The representation of a resource in different media type format (referred to as data, while the media type itself is a metadata) is just part of the architecture and not architecture itself. The messages should be self-descriptive, the representation format for the resource should respect other resources as they are and the manipulation of all resources and their relations to other resources should be done through transition of states. So if I want to change the cover image of a Book resource I should be able to do it using a PUT command of HTTP.

Now here is where the confusion lies - lets say I am using Java on the server to respond to the requests. If I am using Jersey+JAX-RS stack and application/xml as media type, there is a good chance that I am also using JAXB (not that its mandatory, one can use their on converters, known Producer and Consumer) for converting your resource object to XML; I will see that Book is converted to a XML which contains the representations of authors and other related resources and sub-resources within them. This creates multiple problems, e.g.,

  • Why do I need to get all entity sets of a resource and its sub or related resources, while I do not need them? Which will cause an additional and not-required payload to be submitted over network.
  • How do I manipulate any related resources of book without actually transmitting the whole book, e.g. author(s)?
  • How do I sent different set of control bytes for different resources linked within the Book?

IMHO, here is where the principal of REST is violated, unless the answers to the above like questions are positive. So if we are to design a RESTful API we should consider not only the representation part but also the manipulation and saying so, IMHO, using different HTTP commands (or equivalent for other protocols) is not sufficient but actually designing the resource semantics such that it can be manipulated partly and totally (depending on requirements and other factors) is a must as well.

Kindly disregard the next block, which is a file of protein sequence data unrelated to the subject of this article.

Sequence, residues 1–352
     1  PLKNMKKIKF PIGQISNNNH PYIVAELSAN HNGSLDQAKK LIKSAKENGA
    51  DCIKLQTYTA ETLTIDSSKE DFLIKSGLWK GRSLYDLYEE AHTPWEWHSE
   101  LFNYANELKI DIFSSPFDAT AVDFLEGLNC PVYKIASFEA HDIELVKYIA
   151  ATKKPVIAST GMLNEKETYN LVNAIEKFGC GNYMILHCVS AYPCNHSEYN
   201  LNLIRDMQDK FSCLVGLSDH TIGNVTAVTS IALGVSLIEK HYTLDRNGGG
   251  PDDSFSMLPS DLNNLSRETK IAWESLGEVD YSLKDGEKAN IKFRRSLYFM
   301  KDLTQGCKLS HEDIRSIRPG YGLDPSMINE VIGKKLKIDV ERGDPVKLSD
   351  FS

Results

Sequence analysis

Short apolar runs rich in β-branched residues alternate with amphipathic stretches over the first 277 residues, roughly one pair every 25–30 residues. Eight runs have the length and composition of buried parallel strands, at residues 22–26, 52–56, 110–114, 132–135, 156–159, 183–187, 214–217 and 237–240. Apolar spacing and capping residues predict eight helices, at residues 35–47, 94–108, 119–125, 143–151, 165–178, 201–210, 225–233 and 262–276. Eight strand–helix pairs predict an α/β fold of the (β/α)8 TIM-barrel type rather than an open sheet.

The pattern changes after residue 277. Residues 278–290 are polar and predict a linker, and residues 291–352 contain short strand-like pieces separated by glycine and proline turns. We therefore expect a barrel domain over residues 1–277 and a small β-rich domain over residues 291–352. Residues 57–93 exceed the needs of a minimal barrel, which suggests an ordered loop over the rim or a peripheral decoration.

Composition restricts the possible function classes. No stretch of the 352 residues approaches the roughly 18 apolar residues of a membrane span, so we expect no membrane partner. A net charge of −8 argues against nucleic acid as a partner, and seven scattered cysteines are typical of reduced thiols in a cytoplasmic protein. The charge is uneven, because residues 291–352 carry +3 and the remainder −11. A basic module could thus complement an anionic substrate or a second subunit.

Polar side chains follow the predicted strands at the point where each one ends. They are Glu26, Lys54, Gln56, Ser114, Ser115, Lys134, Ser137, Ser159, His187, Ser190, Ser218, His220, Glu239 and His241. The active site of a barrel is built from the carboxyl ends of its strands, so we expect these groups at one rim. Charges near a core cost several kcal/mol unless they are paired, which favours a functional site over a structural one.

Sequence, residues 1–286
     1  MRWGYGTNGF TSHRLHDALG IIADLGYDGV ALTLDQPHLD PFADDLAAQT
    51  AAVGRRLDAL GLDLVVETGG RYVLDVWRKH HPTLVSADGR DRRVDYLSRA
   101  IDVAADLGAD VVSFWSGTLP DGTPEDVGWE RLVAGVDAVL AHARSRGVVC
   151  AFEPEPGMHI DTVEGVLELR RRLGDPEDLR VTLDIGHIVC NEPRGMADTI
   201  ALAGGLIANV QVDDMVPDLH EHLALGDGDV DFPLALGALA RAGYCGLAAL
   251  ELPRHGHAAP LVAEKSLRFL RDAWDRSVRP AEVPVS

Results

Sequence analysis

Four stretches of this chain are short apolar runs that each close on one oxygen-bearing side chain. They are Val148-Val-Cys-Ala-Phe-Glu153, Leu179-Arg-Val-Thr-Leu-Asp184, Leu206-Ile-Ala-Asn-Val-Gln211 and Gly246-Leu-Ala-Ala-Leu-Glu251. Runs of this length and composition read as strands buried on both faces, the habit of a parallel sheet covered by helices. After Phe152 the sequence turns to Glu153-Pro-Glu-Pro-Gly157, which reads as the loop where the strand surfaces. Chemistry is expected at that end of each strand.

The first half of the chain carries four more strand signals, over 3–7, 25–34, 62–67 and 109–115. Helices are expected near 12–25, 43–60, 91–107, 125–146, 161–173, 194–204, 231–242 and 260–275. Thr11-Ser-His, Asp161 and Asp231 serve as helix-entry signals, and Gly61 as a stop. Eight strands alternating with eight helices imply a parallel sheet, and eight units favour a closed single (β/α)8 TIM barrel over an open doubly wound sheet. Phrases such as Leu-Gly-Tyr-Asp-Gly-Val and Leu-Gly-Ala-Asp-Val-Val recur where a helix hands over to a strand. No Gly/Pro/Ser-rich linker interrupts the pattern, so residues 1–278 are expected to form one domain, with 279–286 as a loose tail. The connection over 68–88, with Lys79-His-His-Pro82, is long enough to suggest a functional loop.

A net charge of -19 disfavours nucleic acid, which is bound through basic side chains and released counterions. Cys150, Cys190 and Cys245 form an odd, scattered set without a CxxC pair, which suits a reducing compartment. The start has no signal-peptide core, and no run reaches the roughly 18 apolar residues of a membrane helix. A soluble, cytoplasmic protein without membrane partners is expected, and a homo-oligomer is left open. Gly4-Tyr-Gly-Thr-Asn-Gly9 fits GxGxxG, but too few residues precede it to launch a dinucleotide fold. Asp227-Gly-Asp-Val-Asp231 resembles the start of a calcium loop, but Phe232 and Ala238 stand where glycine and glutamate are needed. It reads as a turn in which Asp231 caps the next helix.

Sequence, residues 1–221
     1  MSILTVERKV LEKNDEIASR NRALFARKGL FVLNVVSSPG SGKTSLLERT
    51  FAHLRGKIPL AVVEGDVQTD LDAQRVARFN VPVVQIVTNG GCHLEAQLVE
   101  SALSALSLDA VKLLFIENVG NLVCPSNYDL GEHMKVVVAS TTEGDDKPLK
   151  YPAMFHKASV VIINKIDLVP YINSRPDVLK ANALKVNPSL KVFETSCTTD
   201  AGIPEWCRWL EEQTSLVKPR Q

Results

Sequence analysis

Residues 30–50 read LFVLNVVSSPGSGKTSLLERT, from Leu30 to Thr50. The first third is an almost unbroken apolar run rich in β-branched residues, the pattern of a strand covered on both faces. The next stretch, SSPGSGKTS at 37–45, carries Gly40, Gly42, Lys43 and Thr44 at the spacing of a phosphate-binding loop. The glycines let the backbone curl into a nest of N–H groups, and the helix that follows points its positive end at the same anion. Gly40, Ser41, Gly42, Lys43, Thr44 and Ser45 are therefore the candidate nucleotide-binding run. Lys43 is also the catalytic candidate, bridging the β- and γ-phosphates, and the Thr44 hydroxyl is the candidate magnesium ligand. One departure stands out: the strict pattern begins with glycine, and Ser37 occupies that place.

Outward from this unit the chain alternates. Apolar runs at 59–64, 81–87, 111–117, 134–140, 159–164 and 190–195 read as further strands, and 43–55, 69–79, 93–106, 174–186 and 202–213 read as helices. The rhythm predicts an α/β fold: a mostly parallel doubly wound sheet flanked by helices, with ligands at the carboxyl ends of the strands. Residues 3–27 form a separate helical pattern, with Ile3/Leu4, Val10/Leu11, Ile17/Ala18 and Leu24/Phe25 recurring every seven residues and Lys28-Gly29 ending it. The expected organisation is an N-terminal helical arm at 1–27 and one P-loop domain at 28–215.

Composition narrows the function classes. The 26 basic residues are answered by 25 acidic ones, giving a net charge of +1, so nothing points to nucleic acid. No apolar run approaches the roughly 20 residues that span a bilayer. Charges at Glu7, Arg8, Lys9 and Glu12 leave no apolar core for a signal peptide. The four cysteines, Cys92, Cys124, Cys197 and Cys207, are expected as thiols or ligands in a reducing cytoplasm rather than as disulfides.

Another important component of the architecture, which is not mentioned in the definition of REST (probably because it was reason of REST coming to existence) is Uniform Interface. The only thing it does not mention explicitly mentioned as a constraint is that the representation format also should be uniform or conform to established standards, so that its readable in a uniform manner by the clients, e.g. how resources are linked - in HTML it should be <link>, in XML it should be XLink etc.

So here is my checklist for building a RESTful system:

  • Identify resources and their identifier. Deduce the problem domain well to divide them to as many independent component as possible.
  • Choose the states well for transiting between resource states for the specific protocol. E.g. if protocol is HTTP you might map the methods as mentioned here; that is not enough, HTTP headers and response codes should be choosen appropriately; for example cache control, compression.
  • Resources should refer to individual resources by their URI; state transition for relation between resources might (not sure but IMHO must) be implemented as well.
  • The representation format should follow established norms. E.g. XML representation format should have a DTD or XSD as a metadata to the representation.

In context of our book sales aggregator example I want to elaborate my understanding of some of the above mentioned checkpoints. Firstly we have (tentatively) identified our resources; next I would want to create useful identifier for them. For Book it would be , for Author it would be email address, for Publisher it would be their name in same formatting as a blog or wiki page title and so on. In my XML representation of book, I would have a element encapsulating all authors, it would in fact be <authors>; and every <author> in would refer to the author resource using XLink. I would have the following for updating the author relation with book - /books/{ISBN}/authors/[slot/{index}]?. Now lets say I want to get the 1st Author for Book A, then my URI would be /books/A/authors/slot/0; the response message could be either a XML pointing to the Author's URI or (my choice) use HTTP response status code 302; also I would make use HTTP compression using the headers. IMHO rest of the checkpoints are trivial.